Also, with smaller size text (up to 8 in. high) it is common not to make each character a separate tube, but to connect the characters (as in hand-written script). However, to make the interconnections invisible, they are painted black and called “blocked-out sections.”

Normally, the exact tube layout is created with the neon glass shop so that the glass shop will know the total stretched length of the neon tube. From the length and number of tubes, the electrical parts required are dimensioned; the size, weight and placement determine the structural design of the sign’s body.

As neon tubes are unique, the power supply must be matched to the tube – “one size fits all” does not apply here. The tube length, diameter (the smaller, the more restricted the electrical flow) and the type of filling gas (depending on the color) are the parameters necessary to calculate the correct power supply. Neon power supplies can be “core and coil” transformers or electronic power supplies.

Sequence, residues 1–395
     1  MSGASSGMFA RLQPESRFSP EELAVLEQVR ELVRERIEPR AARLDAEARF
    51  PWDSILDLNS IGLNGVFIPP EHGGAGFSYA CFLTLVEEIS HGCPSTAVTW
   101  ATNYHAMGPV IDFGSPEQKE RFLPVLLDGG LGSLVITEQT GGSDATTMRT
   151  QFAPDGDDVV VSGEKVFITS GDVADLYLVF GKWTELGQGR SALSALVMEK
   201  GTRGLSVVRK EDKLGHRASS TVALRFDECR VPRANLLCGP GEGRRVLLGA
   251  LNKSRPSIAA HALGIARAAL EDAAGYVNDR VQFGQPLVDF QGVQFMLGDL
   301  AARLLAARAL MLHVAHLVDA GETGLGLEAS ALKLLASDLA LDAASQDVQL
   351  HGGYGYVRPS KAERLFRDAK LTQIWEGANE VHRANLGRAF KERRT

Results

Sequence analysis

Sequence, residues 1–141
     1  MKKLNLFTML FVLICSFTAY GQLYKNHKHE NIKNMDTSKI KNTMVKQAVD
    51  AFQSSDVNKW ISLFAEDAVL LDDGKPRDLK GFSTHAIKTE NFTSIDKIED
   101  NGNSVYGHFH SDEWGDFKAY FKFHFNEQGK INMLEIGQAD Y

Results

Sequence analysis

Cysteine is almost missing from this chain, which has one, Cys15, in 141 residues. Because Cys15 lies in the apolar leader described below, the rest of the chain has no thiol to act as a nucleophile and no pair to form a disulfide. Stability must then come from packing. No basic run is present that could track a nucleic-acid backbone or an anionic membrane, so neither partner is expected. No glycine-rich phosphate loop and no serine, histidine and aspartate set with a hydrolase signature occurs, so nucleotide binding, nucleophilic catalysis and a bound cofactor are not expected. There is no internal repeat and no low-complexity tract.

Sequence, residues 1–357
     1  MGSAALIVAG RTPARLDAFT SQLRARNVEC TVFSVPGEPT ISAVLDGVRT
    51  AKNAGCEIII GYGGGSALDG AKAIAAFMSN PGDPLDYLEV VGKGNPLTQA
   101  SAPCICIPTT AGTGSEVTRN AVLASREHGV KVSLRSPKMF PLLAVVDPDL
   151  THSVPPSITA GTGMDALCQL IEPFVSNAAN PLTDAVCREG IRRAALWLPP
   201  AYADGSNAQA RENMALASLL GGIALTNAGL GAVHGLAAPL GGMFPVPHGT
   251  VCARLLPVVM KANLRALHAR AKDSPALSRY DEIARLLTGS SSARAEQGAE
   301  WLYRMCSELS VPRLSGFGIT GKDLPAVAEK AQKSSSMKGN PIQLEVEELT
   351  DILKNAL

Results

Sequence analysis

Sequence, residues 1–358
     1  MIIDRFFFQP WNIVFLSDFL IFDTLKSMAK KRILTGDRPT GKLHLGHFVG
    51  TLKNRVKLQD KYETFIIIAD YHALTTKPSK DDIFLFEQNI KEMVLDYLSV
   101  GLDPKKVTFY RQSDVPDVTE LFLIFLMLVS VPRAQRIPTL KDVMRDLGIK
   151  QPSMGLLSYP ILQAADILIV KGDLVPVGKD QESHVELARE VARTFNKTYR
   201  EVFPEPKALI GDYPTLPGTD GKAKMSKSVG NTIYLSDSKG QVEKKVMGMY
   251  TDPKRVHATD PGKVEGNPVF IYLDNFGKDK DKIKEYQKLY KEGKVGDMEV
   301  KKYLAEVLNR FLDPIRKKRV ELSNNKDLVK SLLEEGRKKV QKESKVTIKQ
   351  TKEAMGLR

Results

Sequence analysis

In contrast to LEDs, which work at a low voltage (commonly 12 or 24 V) and high currents of several amperes of direct current, neon tubes operate at higher voltages (a blue, 4-ft.-long tube of 15mm diameter takes 742 V to light) and lower amounts of alternating current (a standard operating current for neon is 0.025 amps only).